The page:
Scholar from India

Monday October 15 2012

 

A visiting professor from India spent a week teaching in the School of Business and Economics this fall as part of an initiative to expand cultural and global awareness of students and faculty. This is SOBE’s second weeklong visitor; last year a scholar visited from Austria.

Dr. Ipseeta Satpathy, associate professor of Organisational Behaviour & Human Resource Management at the School of Management (KSOM), KIIT University (Kalinga Institute of Industrial Technology), lectured on “Doing Business in India” in several classes.

India’s strengths lie in information technology, a young, well-educated population, and a cheap labor force, she said.

Dr. Satpathy noted that the U.S. is the largest investor in India, but there are several cultural differences that Americans need to be aware of. In India, like much of Asia, there is a collectivist culture, rather than an individualistic one. “Any work accomplished in India is teamwork,” she said.

To work in India also requires establishing and cultivating long-term relationships, she said, adding that the Indian workforce is a very diverse place and people from all backgrounds work together well.

Indian women traditionally wear saris in the workplace, but foreigners are not expected to do likewise, Dr. Satpathy said. She also noted that foreigners should wait for women to extend their hands for a handshake. Traditionally Indians greet each other with hands in prayer pose and the word, “Namaste.”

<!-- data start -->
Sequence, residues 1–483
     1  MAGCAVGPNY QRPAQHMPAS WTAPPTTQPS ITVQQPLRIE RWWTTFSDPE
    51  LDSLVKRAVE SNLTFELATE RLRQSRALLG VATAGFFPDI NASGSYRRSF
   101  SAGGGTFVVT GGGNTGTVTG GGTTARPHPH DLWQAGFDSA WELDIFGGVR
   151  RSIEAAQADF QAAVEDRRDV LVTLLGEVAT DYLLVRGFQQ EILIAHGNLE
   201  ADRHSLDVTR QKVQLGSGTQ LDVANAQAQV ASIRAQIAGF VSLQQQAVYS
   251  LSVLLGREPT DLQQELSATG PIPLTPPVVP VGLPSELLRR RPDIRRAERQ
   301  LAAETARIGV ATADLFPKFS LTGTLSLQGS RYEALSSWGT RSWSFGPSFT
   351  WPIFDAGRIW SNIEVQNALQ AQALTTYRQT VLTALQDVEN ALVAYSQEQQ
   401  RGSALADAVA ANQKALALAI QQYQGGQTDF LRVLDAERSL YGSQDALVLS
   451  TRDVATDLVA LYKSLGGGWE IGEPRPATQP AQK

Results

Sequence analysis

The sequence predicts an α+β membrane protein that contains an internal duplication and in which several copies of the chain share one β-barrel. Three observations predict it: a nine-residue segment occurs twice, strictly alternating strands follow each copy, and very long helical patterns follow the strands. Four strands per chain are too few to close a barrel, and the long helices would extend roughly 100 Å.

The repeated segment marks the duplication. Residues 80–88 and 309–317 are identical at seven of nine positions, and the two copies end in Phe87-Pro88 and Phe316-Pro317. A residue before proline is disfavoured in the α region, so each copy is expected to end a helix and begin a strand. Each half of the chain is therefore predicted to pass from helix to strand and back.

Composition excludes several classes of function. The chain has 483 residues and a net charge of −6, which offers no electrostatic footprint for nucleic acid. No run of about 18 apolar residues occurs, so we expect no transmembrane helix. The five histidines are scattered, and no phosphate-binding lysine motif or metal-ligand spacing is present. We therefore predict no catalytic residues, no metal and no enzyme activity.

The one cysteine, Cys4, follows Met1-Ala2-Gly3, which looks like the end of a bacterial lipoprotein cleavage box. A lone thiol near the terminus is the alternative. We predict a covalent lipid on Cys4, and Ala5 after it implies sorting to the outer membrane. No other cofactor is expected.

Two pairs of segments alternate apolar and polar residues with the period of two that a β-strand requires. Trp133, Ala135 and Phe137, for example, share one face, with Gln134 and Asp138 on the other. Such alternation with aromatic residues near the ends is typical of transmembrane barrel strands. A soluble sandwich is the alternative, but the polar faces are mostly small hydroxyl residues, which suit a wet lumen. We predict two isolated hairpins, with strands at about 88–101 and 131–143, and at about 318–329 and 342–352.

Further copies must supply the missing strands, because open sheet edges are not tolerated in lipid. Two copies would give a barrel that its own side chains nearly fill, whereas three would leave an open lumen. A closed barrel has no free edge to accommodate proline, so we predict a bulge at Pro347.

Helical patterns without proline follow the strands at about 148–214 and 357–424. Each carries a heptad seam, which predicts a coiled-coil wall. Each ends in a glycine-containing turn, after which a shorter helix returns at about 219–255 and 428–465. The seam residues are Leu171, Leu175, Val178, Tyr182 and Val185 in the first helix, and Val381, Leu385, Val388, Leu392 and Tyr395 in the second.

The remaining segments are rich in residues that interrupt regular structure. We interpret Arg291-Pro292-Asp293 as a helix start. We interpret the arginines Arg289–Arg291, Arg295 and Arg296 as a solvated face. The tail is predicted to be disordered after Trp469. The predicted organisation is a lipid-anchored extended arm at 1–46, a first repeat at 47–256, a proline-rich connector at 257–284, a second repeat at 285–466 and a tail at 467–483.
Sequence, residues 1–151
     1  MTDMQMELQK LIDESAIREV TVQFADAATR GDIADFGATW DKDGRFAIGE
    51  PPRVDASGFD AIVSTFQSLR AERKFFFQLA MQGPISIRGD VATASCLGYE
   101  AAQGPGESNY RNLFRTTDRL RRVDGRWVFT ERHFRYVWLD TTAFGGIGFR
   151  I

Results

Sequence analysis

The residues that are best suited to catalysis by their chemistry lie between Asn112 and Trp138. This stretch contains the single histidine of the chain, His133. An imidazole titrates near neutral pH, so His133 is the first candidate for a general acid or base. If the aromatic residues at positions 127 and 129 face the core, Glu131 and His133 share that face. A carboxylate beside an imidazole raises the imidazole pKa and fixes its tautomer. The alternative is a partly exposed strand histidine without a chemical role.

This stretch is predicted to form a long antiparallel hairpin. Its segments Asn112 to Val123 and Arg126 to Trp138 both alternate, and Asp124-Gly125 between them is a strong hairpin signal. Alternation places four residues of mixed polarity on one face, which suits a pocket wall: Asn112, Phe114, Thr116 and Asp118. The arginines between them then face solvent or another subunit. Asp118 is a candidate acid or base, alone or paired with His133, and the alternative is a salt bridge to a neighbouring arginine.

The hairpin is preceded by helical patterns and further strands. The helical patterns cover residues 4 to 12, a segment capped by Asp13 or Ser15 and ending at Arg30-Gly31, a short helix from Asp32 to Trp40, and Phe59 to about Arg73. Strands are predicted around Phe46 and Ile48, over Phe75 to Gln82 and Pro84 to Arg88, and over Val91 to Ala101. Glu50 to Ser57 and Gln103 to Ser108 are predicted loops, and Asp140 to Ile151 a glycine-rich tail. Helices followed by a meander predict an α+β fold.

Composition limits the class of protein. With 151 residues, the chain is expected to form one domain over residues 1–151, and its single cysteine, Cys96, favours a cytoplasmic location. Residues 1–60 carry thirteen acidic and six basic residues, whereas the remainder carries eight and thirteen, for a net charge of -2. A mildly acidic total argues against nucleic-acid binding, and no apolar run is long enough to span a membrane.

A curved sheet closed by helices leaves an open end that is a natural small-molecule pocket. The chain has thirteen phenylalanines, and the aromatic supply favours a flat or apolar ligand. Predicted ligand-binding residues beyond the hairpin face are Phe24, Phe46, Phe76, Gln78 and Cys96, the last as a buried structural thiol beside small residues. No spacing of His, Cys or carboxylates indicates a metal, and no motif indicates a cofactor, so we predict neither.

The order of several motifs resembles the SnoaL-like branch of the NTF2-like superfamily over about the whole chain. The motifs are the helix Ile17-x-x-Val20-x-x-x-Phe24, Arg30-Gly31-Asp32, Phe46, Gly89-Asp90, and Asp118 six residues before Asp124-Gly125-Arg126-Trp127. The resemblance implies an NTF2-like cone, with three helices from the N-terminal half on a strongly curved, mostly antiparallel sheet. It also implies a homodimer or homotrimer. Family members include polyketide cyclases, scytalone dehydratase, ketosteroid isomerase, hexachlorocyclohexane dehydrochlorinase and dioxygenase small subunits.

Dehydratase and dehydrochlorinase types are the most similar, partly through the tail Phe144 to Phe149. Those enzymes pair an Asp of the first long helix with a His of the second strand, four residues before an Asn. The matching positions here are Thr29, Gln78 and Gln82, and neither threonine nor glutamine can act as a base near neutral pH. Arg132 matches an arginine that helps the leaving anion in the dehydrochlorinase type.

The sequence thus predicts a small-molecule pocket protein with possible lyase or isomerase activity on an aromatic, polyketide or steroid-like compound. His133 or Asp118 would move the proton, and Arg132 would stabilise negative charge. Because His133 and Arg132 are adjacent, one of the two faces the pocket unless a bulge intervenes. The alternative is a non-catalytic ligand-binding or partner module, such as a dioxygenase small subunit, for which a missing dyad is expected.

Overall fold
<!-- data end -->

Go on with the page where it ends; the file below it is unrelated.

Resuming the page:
While Hinduism is the dominant religion India celebrates all major religious holy days as national holidays, Dr. Satpathy said.

Many Indians speak English because of the legacy of British control; however, Hindi is the primary language, which can make communication difficult because of “a lot of mother tongue influence with English.”

Dr. Satpathy also said many Indians speak loudly and that foreigners sometimes misinterpret that as argumentative, but she added, “It’s just the way we speak.”

While Americans have misconceptions about India, the reverse is also true. “In India we think America can’t be affected by a recession,” Dr. Satpathy said.

She also noted that Walmart is moving into India with a promise from the Indian CEO that it won’t steal jobs from small merchants and farmers. She said she was not aware of the reputation Walmart has for doing just that in the U.S.

Dr. Satpathy noted several times that Indians have a great respect for the U.S. “Our students always would like to come her for their vocation,” she said. “All our best brains are here.”